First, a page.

band, banned

The words band, banned sound the same but have different meanings and spellings. Why do band, banned sound the same even though they are completely different words?

The answer is simple: band, banned are homophones of the English language.

  1. :: noun

    A thin strip of flexible material used to encircle and bind one object or to hold a number of objects together: a metal band around the bale of cotton.

  2. :: noun

    A strip or stripe that contrasts with something else in color, texture, or material.

  3. :: noun

    A narrow strip of fabric used to trim, finish, or reinforce articles of clothing.

  4. :: noun

    Something that constrains or binds morally or legally: the bands of marriage and family.

  1. :: verb

    Simple past tense and past participle of ban.

  2. :: adjective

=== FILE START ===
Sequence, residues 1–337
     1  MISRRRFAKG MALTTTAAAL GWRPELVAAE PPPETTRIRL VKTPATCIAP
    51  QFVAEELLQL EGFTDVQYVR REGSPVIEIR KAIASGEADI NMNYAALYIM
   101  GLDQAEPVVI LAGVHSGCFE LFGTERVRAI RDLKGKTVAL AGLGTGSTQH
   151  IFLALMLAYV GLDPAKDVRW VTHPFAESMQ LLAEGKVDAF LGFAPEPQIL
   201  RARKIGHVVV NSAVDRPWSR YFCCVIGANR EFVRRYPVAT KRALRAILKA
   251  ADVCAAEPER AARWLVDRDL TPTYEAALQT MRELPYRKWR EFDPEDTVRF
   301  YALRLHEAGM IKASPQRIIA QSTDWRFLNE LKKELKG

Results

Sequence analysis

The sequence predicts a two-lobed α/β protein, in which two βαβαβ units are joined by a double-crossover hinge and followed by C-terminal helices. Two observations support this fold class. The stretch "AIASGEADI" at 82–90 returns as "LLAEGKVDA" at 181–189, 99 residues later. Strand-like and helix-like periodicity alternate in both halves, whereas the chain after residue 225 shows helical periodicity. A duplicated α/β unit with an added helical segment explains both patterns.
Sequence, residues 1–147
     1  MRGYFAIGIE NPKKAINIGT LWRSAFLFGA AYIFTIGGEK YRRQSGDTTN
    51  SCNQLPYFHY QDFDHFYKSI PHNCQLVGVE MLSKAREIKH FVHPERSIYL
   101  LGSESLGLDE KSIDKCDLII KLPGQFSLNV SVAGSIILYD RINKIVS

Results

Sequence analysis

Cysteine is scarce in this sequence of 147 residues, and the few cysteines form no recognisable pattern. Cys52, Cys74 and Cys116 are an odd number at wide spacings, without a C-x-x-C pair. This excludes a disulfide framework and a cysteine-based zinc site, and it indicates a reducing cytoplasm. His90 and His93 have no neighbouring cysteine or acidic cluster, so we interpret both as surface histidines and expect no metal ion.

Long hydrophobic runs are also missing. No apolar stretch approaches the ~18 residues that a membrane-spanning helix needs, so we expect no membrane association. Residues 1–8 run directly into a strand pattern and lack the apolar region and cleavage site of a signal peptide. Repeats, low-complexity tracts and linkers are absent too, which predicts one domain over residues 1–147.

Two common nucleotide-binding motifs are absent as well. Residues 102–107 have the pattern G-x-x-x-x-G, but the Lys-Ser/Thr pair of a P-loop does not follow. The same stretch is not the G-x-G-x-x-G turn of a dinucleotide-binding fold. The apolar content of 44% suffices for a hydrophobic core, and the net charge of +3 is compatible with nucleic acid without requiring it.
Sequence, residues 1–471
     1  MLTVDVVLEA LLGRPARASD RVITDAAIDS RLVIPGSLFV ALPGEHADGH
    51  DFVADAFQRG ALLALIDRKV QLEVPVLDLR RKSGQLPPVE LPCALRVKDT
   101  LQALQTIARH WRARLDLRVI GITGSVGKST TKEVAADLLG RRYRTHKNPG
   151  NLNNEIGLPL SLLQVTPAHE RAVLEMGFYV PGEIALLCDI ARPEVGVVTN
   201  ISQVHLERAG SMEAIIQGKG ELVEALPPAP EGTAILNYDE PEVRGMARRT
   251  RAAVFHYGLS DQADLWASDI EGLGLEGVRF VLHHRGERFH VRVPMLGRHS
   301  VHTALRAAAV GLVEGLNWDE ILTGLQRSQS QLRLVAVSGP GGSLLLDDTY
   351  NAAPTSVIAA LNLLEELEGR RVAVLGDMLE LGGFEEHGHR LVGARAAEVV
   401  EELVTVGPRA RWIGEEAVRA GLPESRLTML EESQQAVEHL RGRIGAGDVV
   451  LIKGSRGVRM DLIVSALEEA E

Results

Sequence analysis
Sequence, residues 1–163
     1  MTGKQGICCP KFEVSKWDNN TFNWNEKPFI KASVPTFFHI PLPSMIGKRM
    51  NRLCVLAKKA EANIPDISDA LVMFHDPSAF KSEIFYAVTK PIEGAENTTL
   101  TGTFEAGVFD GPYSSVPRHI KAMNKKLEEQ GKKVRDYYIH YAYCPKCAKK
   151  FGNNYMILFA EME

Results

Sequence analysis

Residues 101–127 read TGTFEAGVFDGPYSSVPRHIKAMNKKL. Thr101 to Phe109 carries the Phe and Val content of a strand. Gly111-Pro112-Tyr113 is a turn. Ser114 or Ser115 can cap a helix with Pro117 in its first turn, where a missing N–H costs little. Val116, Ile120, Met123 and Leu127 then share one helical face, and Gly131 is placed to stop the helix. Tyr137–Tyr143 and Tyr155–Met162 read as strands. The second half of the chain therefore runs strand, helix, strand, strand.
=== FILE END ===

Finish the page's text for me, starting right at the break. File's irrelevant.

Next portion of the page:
Forbidden; not allowed.

Definitions from The American Heritage® Dictionary of the English Language, 4th Edition, from Wiktionary, Creative Commons Attribution/Share-Alike License and Wordnik.

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About Homophones

Homophones (literally "same sound") are usually defined as words that share the same pronunciation, regardless of how they are spelled.

If they are spelled the same then they are also homographs (and homonyms); if they are spelled differently then they are also heterographs (literally "different writing").